Tuesday 2 June, 2020

Some BPO firms will continue work-at-home arrangements

President of the Global Services Association of Jamaica, Gloria Henry.

President of the Global Services Association of Jamaica, Gloria Henry.

It is expected that about up to 25 per cent of workers in the local business process and outsourcing (BPO) industry will continue to work from home even after the coronavirus (COVID-19) pandemic ends.

Umbrella group for the local BPO sector, the Global Services Association of Jamaica (GSAJ) said a request has been made to the government to continue with the work-at-home (WAH) facility until the end of 2020 so that sites can continue to practice social distancing as well as keep workers safe and employed.

Prime Minister Andrew Holness on Monday announced that the work-from-home orders that were issued in March are to expire at the end of the month.

The GSAJ, in a statement on Thursday, said it currently has about 13,000 workers deployed in work-at-home across all parishes in Jamaica.

Nonetheless, the GSAJ said its members have been utilising the GSAJ COVID-19 guidelines in the workplace, which was shared with stakeholders and subsequently implemented from March 19, immediately after the government of Jamaica initiated its gradual social distancing and safety measures on March 18.

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These guidelines cover the spectrum of health and safety measures to keep Global Services (GSS) and other working environments sanitized and employees safe, GSAJ said.

During the last six weeks, the GSAJ said it has reached out to several non-members to offer support and provide guidance as well as to share best practices in ensuring that they are implementing safe practices.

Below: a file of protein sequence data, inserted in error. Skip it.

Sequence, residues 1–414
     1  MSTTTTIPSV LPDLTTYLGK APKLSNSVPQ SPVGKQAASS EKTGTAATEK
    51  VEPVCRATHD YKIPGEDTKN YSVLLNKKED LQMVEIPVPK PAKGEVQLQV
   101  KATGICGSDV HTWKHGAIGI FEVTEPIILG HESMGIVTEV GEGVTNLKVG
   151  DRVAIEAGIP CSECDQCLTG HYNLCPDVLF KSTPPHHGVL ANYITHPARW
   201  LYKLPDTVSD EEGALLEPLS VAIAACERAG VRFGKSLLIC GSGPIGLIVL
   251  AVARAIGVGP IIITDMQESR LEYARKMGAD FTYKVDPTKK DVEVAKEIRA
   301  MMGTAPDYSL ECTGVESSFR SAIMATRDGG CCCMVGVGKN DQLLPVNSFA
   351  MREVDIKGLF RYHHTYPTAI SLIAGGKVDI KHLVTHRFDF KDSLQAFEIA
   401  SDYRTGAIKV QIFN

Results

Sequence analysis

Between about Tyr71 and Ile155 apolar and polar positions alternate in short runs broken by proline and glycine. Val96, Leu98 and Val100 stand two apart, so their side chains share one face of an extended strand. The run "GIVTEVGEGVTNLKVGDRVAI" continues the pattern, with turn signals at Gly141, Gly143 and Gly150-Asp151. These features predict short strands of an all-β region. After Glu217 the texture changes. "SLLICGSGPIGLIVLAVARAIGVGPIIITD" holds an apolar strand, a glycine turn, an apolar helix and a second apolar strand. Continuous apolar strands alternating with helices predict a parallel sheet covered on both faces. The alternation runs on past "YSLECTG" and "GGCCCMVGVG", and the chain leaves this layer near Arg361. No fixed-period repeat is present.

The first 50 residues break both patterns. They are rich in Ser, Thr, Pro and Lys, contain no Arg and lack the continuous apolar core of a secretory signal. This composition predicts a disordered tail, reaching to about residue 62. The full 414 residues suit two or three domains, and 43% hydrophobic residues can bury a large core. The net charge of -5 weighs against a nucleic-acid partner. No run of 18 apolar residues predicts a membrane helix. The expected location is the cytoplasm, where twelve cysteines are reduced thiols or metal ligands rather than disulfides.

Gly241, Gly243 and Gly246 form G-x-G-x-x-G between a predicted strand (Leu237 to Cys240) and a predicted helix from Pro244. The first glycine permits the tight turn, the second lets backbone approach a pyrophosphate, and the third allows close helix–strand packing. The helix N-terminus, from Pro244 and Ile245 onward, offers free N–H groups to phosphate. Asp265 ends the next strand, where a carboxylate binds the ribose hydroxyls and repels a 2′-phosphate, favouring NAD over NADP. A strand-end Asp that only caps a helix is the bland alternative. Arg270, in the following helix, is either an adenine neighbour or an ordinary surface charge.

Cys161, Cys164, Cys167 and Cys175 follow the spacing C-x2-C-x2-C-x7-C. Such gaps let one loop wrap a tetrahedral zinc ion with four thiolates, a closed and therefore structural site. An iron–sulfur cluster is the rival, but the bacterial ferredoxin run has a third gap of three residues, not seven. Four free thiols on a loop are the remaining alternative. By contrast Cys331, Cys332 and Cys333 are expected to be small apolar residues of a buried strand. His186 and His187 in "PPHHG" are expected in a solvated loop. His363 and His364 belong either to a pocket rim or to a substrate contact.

Several sites voluntarily closed their operations and have fully deployed all their workers to WAH in an effort to keep them safe.

Despite these measures, approximately 7,500 workers were laid off during the government-imposed temporary lockdown April 22 to May 7.

The association also partnered with Government and Ministry of Health and Wellness (MOHW) to conduct regular inspections.

The MOHW guidelines were developed with the input and collaboration of the GSAJ and the finalized instrument, which was agreed on Friday, May 15 is now being used to assess all BPO sites within Jamaica, the GSAJ said in a release.

To date, most of the GSAJ members who are seeking to reopen their sites for non-essential services have passed their inspections, according to the association.

“This includes all of the top 14 GSS sites within the country, likely the reason behind the overall low non-infection rate,” it said.

The GSAJ has also insisted all members implement daily temperature screening, hand washing, wearing of masks, no shared headsets, removal of attendance KPI, install hand washing/sanitizing stations among many other measures.

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